However, where we do get concerned is where we see such unbacked crypto products distributed and used in an entirely different manner. Where we see them treated as if they are value-related investments, our warning lights begin to blink. Where we seem them heavily marketed and promoted, often by very well known personalities, in the very penetrating medium of social media, and a large and wide-scale to retail investors. Then our warning lights are flashing red. You will see that we, like other European regulators, have issued strong warnings about these products. And indeed if you want to see the matter laid out in the plainest of terms, take a look of the words of the Central Bank of Ireland Governor Gabriel Makhlouf in his recent blog on the topic. 

The publication last week of the European Commission’s Retail Investment Package contains proposals for imposing more liability on social media influencers (so called finfluencers) and on the companies that pay them for promotion of and recommendations for financial products and services. This is an approach that could have real value in the context of speculative crypto products heavily promoted to retail customers.

Here it is also important to distinguish the situation of unbacked crypto marketed to retail customers to the same product made available to non-retail, professional investors. It is our approach in the Central Bank that such investors, subject to the appropriate marketing and disclosure rules by product providers, are better able to look out for themselves. On this basis, we have recently updated our guidance on investments in digital assets to allow greater flexibility for professional only investment funds or QIAIFs to invest in these assets albeit indirectly.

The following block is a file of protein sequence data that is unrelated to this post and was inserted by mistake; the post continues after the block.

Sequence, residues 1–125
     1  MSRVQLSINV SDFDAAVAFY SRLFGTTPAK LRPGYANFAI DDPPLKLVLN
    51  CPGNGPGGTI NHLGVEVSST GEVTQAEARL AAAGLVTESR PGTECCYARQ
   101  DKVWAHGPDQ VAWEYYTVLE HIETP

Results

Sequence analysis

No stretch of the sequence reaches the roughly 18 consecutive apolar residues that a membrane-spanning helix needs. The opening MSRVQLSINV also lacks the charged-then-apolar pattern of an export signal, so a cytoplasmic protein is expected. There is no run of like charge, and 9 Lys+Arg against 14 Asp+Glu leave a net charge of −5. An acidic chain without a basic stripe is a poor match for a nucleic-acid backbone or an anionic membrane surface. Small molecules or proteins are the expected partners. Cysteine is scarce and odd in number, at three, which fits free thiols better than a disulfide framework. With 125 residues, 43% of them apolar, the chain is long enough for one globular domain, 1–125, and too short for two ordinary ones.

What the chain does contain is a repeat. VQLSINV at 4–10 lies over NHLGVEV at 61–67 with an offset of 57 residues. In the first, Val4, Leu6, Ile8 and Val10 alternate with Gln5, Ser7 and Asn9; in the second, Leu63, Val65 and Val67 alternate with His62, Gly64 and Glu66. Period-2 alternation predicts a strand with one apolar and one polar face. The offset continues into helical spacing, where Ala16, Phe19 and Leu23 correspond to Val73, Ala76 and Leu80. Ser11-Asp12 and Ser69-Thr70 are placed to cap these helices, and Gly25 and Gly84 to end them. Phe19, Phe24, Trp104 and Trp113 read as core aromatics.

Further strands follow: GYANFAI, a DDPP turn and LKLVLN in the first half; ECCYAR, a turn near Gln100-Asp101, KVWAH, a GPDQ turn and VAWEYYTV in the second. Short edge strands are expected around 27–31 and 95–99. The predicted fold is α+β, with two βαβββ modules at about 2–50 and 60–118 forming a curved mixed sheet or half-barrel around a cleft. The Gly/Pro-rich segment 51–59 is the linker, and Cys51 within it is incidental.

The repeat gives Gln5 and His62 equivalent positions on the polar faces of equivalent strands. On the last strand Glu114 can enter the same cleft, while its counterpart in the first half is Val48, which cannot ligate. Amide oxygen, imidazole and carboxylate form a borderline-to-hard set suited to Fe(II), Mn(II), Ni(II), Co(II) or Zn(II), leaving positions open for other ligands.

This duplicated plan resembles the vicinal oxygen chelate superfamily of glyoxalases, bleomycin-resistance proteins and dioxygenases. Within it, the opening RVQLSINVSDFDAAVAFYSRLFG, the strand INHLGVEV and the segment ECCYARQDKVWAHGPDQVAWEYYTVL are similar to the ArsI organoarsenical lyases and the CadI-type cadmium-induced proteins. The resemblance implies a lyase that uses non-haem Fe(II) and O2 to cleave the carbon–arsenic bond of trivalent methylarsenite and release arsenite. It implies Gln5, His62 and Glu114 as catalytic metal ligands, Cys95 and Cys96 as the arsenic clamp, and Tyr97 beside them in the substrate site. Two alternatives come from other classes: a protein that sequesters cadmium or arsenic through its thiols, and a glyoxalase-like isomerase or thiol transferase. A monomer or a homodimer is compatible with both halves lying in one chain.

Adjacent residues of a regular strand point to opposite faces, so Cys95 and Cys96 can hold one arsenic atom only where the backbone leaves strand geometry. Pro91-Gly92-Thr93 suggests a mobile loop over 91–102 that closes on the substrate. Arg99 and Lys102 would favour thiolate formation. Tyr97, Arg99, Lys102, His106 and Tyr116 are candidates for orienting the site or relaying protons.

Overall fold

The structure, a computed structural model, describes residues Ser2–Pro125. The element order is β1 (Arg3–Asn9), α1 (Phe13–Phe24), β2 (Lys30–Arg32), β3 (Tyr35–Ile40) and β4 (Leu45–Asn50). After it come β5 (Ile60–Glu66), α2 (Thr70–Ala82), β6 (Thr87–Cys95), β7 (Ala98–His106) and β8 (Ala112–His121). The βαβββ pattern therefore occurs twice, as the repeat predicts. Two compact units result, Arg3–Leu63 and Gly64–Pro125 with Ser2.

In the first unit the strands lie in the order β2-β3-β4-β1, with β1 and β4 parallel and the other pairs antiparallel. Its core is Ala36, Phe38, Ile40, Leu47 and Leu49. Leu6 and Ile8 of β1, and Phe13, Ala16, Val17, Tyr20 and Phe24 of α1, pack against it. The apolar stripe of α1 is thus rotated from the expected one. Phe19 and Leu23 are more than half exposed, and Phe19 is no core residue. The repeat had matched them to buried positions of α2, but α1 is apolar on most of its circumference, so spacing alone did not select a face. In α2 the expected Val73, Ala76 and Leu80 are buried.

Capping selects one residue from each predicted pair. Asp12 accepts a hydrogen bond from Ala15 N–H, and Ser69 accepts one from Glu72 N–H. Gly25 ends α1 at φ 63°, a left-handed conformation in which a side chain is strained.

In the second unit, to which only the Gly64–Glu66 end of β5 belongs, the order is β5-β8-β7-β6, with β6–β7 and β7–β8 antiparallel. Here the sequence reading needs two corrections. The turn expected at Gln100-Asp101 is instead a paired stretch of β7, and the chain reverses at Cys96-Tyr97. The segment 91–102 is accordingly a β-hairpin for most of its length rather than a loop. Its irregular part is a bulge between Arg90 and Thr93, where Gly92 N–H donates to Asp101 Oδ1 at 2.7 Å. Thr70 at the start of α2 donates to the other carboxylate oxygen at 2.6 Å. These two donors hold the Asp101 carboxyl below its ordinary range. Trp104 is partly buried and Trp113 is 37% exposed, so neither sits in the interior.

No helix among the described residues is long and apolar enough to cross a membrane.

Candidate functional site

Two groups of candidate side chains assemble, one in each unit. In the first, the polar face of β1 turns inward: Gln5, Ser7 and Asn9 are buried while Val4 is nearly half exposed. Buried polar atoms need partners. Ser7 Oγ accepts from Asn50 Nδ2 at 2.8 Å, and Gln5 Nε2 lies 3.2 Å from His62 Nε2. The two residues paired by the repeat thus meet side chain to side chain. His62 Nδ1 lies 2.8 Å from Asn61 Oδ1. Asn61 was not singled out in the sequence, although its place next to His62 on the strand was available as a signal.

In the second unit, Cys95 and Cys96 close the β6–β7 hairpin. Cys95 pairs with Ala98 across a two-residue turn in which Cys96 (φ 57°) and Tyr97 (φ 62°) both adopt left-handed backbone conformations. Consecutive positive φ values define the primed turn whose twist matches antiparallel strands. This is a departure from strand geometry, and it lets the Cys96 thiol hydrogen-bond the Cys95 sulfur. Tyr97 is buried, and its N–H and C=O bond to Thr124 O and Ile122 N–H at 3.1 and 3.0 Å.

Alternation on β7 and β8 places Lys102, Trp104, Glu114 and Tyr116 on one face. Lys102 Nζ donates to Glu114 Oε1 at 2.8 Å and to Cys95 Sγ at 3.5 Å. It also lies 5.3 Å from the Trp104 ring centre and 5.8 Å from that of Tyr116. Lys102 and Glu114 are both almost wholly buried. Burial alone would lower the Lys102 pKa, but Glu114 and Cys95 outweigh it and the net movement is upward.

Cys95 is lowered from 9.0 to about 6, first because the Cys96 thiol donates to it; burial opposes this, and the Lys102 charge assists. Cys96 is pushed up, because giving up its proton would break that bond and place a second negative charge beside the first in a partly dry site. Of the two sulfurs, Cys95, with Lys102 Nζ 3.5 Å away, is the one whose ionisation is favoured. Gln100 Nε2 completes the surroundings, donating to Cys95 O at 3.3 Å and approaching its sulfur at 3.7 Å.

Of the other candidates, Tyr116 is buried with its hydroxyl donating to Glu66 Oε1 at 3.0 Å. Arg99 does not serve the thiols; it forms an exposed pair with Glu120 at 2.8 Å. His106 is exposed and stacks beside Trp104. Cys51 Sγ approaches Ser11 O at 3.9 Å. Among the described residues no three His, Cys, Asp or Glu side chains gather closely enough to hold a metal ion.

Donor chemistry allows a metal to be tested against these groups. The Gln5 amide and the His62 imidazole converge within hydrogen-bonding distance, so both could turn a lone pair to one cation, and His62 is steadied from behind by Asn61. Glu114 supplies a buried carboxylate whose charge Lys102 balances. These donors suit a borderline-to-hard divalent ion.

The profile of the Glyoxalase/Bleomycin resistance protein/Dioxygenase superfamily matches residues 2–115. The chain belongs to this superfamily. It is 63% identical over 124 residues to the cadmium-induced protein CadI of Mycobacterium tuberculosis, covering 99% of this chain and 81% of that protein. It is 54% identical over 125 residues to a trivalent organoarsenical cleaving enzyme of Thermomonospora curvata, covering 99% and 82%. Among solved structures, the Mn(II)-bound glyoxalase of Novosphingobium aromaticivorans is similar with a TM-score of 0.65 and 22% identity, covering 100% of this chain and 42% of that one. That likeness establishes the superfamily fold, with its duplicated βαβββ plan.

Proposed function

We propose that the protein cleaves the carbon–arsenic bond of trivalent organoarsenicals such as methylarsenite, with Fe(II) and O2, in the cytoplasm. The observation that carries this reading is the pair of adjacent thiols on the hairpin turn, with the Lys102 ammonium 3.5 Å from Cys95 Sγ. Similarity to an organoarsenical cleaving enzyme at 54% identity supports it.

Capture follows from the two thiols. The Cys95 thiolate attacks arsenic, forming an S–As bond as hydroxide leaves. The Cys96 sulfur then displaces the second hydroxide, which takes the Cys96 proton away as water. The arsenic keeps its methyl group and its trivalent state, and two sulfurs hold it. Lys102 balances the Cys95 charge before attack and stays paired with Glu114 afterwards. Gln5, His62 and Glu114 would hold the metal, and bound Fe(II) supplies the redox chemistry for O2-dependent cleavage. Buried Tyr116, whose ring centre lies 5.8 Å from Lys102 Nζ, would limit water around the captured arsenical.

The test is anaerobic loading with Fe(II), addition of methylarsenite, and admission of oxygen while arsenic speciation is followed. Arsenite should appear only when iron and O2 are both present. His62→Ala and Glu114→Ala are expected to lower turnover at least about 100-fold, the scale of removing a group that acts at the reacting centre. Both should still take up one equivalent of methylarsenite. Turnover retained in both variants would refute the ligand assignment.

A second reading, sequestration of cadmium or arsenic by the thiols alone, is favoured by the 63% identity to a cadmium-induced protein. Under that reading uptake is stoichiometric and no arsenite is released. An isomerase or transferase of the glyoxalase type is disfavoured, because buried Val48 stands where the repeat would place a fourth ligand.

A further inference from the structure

In Ireland, QIAIFs may now hold indirect exposures to digital assets of up to 20% for open-ended funds and up to 50% for funds that are closed ended or offer limited liquidity. (Direct holding will be subject to demonstration that a depositary can meet its obligations to provide effective custody or safe-keeping services to digital assets.)

Backed crypto offerings, are a potentially very different animal. Where a crypto product purports to be backed by meaningful assets, then where this is reliably and effectively done, there is the potential for meaningful purposes and uses to be developed. In this context, amongst the features that will be particularly important from a regulatory perspective are a high quality governance, effective “backing” of the crypto offering so that the purported value aligns with the realisable value, and high quality transparency and communication with investors, in particular, retail investors so that they know clearly and understand fully what risks they are exposed to.